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I wanted to know what the community considers the "best practices" in respect to mapping class hierarchies with Spring JDBC.

We do not have the ability to use a full fledged ORM tool, however we are using the Spring JDBC to alleviate some of the tedious nature of JDBC. One class which we leverage very regularly are the BeanPropertyRowMapper for it's ease of use and the ability to have type insensitive bean property access from our result set.

I have a class hierarchy that all maps back to a single table (taking the table-per-hiearchy approach for this small class hierarchy). As such, the table contains an classId column which can be used to determine what class should actually be instantiated. Ex. 1 = Manager, 2 = Employee, 3 = Contractor. All of these are "People" but each subclass of person has a few attributes which are unique to their class.

My initial thought is to create a subclass of BeanPropertyRowMapper and try and inject this logic to say "if column A = 1 then instantiate a Manager and then do your nomral binding".

Does this seem like a reasonable approach? Are there any other suggestions people may have that have worked for you?

Thanks in advance for your replies,

Justin N.

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up vote 4 down vote accepted

It doesn't look like there's a place in the subclass where you could add a hook to switch the class without completely copying the implementation of mapRow() for BeanPropertyRowMapper. Your best approach might be to create a RowMapper class that delegates to the appropriate BeanPropertyRowMapper.

For example:

    final RowMapper managerMapper = new BeanPropertyRowMapper(Manager.class);
    final RowMapper employeeMapper = new BeanPropertyRowMapper(Employee.class);
    final RowMapper contractorMapper = new BeanPropertyRowMapper(Contractor.class);

    RowMapper rm = new RowMapper()
    {
        @Override
        public Object mapRow(ResultSet rs, int rowNum)
            throws SQLException
        {
            int employeeType = rs.getInt("type");
            switch (employeeType)
            {
                case 1:
                    return managerMapper.mapRow(rs, rowNum); 

                case 2:
                    return employeeMapper.mapRow(rs, rowNum);

                case 3:
                    return contractorMapper.mapRow(rs, rowNum);

                default:
                    break;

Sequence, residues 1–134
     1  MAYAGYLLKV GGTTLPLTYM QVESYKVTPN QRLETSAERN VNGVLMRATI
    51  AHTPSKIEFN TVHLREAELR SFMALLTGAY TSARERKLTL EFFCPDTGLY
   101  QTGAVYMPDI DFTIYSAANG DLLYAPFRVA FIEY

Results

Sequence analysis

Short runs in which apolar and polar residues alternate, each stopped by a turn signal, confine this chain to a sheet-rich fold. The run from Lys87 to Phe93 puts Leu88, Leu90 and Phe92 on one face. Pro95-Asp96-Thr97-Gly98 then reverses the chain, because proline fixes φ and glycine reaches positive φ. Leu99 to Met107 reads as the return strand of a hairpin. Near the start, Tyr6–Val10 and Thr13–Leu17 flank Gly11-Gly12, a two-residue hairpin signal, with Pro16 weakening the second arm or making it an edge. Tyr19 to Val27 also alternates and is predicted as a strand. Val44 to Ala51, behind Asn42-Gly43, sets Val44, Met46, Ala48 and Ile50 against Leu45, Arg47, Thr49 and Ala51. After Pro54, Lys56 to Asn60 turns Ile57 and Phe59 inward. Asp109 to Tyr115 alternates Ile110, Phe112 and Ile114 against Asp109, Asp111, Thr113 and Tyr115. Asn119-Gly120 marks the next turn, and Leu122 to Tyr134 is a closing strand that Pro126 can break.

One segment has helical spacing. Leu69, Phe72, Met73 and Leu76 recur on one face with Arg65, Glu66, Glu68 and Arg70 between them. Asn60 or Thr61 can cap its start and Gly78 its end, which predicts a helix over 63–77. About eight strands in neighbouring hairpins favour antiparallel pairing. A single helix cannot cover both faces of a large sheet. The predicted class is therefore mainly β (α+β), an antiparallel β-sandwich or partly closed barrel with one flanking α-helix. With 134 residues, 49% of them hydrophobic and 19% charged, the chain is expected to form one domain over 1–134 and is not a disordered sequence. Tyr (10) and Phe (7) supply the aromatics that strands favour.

}
        }
    };
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Thanks for the response. This is what I had ended up doing! Good to get some validation. – jnt30 Dec 3 '09 at 14:28

I'm not sure it's the 'best practice' but i suggest the following approach (without using bean properties --> should work faster).

Usually you know what kind of object you expect to retrieve. So you can provide corresponding row mapper when execute the sql.

Declare custom abstract generic RowMapper and create own row mapper for each type of person, i.e.:

private static abstract class PersonRowMapper<T extends Person> implements RowMapper<T> {

 @Override
 public abstract T mapRow(ResultSet rs, int rowNum) throws SQLException;

 protected void mapBase(ResultSet rs, T person) throws SQLException {
  //base mapping here
 }
}


private static class EmployeeRowMapper extends PersonRowMapper<Employee> {

 @Override
 public Employee mapRow(ResultSet rs, int rowNum) throws SQLException {
  Employee e = new Employee();
  mapBase(rs, e);
  //set other specific employee props
 }
}

By other approach you can declare abstract method in base mapper for specific props, i.e.

private static abstract class PersonRowMapper<T extends Person> implements RowMapper<T> {
 @Override
 public T mapRow(ResultSet rs, int rowNum) throws SQLException {
  T instance = getInstance();
  //set base props here
  fill(rs, instance);
 }

 //e.g. return new Employee()
 protected abstract T getInstance();
 //fill specific instance props
 protected abstract void fill(ResultSet rs, T instance) throws SQLException;
}
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